I looked around for any sign of myself, any clue to tell me how I ended up here, how long I'd slept. Nothing. Just a tastefully appointed bedroom - a lot of upper-end Ikea, a few choice pieces of solid wood. Recently ironed charcoal slacks hung out on a - I believed it was an honest-to-god wooden clothes horse. A wallet on a nearby dresser. A white shirt of impressive thread-count folded next to it, a ring of keys atop the breast pocket.
I opened the wallet. A driver's license in a laminate pocket made out to Karl Lionel Haines. My own face - no, not quite my own face. Rounder, more satisfied, the teeth straighter and smiling without grimace. The card was clearly a forgery. The wallet also contained a Coldstone Creamery rewards card, two hole-punches shy of a free sundae; a much folded Groupon printout that entitled the bearer to half-cost sailing lessons; and three singles, four twenties, and six hundreds.
I had to leave. I did not want to be around when Helena showed up. I wanted even less to be around when the real Karl showed up. I did not want to know whether he would show up; whether he might, in fact, already be home-
No. Someone had set me up; I had done something mortally stupid. One theme or the other had dominated my life; surely one or the other was the only possible explanation for the current situation. I wasn't going to let malice or stupidity send me to jail again.
I threw on the clothes. I had thought that they looked a little big, but they turned out to fit very well - very nearly perfect in the arms and shoulders, though I felt a bit squeezed about the waist in both shirt and pants. I looked out the window for any sign of Helena. The dormer looked out on a backyard - small, but well-ordered, much of the area taken up by frames for green bean vines. I craned my neck; there was an oblique view of a drive, of the front edge of a black car.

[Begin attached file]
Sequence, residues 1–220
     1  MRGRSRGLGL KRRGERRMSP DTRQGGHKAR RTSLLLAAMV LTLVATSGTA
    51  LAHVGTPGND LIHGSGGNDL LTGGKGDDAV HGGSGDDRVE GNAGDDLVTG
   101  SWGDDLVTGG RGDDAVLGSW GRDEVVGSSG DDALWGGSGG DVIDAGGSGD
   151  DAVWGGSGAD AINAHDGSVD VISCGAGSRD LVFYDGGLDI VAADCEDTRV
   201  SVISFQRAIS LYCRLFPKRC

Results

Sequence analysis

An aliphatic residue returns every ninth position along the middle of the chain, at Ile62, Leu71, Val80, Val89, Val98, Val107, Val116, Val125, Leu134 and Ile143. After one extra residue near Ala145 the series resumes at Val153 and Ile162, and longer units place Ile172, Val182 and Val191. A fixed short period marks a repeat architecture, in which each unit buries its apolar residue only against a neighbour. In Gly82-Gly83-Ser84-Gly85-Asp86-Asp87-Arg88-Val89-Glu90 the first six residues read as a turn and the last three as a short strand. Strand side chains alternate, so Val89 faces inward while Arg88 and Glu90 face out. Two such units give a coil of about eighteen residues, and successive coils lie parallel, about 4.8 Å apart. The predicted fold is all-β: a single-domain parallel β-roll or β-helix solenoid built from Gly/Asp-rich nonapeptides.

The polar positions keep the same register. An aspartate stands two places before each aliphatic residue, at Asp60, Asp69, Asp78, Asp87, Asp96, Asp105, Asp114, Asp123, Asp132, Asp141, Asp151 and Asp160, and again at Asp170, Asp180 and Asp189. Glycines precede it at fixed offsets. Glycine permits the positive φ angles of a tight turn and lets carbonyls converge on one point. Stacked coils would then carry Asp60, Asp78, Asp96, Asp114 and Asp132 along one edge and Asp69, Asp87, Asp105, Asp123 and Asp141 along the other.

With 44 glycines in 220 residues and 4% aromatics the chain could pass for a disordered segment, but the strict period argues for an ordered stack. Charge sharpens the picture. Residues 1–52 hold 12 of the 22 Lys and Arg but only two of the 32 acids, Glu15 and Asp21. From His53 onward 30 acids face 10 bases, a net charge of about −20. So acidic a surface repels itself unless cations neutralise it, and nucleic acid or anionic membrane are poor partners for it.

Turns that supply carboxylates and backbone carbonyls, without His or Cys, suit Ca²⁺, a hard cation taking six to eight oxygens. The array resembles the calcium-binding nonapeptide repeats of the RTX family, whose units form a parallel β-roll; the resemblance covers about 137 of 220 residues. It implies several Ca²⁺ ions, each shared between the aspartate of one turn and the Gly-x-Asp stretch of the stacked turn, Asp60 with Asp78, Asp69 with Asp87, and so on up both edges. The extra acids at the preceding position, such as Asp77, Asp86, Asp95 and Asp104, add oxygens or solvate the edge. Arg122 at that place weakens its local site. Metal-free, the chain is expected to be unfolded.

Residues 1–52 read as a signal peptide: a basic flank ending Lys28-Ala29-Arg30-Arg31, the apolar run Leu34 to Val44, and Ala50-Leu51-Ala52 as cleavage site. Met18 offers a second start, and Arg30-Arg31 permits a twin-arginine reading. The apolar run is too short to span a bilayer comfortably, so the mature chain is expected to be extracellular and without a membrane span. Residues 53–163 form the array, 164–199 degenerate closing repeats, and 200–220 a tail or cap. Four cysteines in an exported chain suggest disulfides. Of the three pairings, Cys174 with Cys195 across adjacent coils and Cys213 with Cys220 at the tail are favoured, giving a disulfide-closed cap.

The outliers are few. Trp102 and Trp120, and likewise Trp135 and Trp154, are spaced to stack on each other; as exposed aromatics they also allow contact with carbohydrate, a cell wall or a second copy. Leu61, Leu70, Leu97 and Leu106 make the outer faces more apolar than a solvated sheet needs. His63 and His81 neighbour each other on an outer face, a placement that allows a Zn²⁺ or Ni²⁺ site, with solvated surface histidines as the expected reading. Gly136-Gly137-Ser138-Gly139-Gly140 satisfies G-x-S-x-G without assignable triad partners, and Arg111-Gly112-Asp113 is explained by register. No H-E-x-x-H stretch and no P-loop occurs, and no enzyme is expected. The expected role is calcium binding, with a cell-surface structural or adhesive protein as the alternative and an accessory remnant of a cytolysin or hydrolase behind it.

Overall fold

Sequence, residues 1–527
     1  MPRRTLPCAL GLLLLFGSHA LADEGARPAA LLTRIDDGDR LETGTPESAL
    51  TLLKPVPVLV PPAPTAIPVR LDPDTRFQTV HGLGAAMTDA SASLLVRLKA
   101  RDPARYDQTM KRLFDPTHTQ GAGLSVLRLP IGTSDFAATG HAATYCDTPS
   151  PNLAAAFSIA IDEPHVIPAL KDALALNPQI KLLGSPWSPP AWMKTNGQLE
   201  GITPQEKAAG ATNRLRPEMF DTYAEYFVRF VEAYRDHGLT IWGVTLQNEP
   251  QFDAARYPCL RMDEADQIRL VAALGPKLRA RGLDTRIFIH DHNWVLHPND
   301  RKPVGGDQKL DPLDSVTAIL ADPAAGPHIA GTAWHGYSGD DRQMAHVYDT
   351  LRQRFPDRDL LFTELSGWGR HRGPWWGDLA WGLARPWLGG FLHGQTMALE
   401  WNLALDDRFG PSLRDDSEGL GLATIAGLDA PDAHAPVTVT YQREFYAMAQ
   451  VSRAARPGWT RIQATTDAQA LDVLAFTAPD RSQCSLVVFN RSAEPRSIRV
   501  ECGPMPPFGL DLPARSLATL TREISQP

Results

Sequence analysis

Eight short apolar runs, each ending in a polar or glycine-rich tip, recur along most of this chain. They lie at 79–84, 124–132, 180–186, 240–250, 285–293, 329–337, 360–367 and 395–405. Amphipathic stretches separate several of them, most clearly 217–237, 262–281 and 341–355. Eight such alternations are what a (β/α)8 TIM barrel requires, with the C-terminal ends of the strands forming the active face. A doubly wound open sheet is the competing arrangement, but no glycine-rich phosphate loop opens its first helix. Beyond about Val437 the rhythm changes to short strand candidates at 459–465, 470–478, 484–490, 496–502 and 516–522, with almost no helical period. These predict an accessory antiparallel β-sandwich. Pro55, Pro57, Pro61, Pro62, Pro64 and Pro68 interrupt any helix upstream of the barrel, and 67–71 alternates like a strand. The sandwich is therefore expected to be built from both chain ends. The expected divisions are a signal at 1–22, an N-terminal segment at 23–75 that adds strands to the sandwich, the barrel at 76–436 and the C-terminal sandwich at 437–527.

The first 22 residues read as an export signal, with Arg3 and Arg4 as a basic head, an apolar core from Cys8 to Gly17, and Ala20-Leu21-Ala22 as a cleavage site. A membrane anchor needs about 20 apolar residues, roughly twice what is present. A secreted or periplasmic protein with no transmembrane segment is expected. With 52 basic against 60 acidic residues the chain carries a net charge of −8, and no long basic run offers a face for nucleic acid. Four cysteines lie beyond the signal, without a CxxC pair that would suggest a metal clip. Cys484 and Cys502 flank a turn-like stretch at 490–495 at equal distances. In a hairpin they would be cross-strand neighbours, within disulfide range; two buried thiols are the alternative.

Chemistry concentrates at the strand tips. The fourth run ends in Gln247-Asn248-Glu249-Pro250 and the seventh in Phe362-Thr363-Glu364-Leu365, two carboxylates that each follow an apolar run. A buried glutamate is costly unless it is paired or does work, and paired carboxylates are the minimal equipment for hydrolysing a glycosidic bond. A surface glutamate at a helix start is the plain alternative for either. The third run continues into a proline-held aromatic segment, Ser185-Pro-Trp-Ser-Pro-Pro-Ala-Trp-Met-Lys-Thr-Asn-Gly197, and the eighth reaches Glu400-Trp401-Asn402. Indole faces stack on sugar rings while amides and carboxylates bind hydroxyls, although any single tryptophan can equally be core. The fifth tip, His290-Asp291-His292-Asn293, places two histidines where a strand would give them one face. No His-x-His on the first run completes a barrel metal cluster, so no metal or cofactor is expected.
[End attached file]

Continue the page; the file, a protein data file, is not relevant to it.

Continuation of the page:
A hand leaped to my chest. I found my heart pounding with unaccustomed force. I was torn between the urge to run and a desire to curl up in a corner and hyperventilate. This room was strange, yes; everything outside of it was even stranger.
Under the bed, the phone rang. Synthesized bird chirps this time, running up and down a C minor chord.
I ran for the door, clutching my chest with that marred left hand and the keys with the right. Down the stairs I thundered on those elephantine legs, catching only a glimpse of a shining kitchenette, of some sort of den, of a room too small for its several couches. I found a door - it let out onto a wide clean yawn, beyond the margin of which lay black tarmac and endless suburban homes, overwriting the horizons with clean lines and brown brick and white siding. I made nearly a full circuit of the clean brown-brick-white-siding house which I'd just left before I rediscovered the black Saab.
After some difficulty finding with finding the ignition port - it was buried in the side console - the engine came politely to life. Another impulse born of unknown habit sent my arm up to adjust the rear view mirror.
In its bluish glass, I saw the fat face from the driver's license.
My ribs leapt and convulsed, my arms shuddered, and a hot band of red steel began to constrict my chest, drawing tighter with each breath. A darkness came across my eyes, and I knew no more until a new morning came.